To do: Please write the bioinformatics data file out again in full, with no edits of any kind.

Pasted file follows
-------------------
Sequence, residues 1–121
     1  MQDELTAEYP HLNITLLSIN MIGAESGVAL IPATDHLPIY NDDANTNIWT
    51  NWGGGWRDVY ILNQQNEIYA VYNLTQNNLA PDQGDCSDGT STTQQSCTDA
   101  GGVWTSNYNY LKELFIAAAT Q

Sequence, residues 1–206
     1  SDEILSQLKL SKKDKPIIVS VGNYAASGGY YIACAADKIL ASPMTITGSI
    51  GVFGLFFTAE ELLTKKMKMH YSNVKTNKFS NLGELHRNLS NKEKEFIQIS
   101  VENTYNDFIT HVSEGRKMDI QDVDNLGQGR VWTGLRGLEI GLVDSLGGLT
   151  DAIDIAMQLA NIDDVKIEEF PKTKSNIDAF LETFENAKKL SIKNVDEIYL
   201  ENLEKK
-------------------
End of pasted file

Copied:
Sequence, residues 1–121
     1  MQDELTAEYP HLNITLLSIN MIGAESGVAL IPATDHLPIY NDDANTNIWT
    51  NWGGGWRDVY ILNQQNEIYA VYNLTQNNLA PDQGDCSDGT STTQQSCTDA
   101  GGVWTSNYNY LKELFIAAAT Q

Sequence, residues 1–206
     1  SDEILSQLKL SKKDKPIIVS VGNYAASGGY YIACAADKIL ASPMTITGSI
    51  GVFGLFFTAE ELLTKKMKMH YSNVKTNKFS NLGELHRNLS NKEKEFIQIS
   101  VENTYNDFIT HVSEGRKMDI QDVDNLGQGR VWTGLRGLEI GLVDSLGGLT
   151  DAIDIAMQLA NIDDVKIEEF PKTKSNIDAF LETFENAKKL SIKNVDEIYL
   201  ENLEKK